Anxiety and How Cannabis Helps

I’ve written, and rewritten this blog three times now, each time changing the subject and each time finding some reason to scrap it and start over. It’s a cycle that I have become familiar with; the need to perfect whatever task I have put my attention on in order to deliver, not what someone else expects of me, but what I expect of myself. A standard that I sometimes put so high that it becomes impossible to reach. It causes my heart to race and my thoughts to speed through my head faster than my words can keep up with. Then, by trying to catch just pieces of those thoughts, I start to feel the familiar swell start in the back of my head. My foot will start to tap and my jaw will tighten. If I don’t slow down by this point my hands will start to shake and I’ll get tunnel vision. After that, I have a panic attack. Simply put, I have anxiety, but cannabis helps.

Before I dive in, I wanted to acknowledge that cannabis isn’t for everyone. I understand that not everyone enjoys the effects or finds them therapeutic. At one point in my life cannabis sometimes gave me terrible anxiety, but after spending some time exploring what cannabis could do, I found what worked for me. If you are considering giving cannabis a first time try (or another try) for anxiety relief, here are some tips from someone who has done the “field testing” for you. What works for me may not work for you and I wouldn’t recommend cannabis to anyone who wasn’t comfortable with the idea of using it in the first place but I hope some of you find benefit from these tips.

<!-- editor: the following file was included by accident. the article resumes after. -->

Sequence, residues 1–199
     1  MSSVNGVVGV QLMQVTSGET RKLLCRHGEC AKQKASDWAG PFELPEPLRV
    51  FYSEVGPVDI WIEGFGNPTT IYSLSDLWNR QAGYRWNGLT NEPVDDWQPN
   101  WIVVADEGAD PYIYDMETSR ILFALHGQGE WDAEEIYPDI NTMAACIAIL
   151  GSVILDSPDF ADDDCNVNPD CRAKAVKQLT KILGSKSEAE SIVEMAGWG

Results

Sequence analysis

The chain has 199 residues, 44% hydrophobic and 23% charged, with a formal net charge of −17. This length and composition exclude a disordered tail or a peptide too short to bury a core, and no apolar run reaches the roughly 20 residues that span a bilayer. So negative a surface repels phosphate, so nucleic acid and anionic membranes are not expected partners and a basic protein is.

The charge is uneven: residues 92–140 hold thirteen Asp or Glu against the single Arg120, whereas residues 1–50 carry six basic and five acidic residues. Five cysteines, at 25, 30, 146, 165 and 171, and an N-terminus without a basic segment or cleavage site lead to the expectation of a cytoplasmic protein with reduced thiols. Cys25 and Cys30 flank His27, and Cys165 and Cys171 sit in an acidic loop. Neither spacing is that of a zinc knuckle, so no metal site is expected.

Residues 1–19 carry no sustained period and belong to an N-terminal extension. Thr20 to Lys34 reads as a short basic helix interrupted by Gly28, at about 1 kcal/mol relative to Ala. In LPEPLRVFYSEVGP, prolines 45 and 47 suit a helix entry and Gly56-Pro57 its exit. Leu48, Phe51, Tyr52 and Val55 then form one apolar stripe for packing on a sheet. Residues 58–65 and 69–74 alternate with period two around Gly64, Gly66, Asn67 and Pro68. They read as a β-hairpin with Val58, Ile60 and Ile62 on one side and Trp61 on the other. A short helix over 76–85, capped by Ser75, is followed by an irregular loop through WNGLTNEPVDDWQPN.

Tip Number 1. It’s not all about the THC. I started out by chasing the highest THC percentage that I could find. A high THC percentage tends to speed up my heart rate and that is absolutely not how my anxiety goes away. These days I find myself preferring around 18 percent THC.

Tip Number 2. It’s very easy to use more but impossible to use less. Start with a small dose and work your way up in small increments. If you’re smoking, take a drag and wait a couple minutes before taking another. If you would prefer to try an edible, take ½ or even a ⅓ of what’s recommended. It is important not to speed through finding the proper dose for yourself.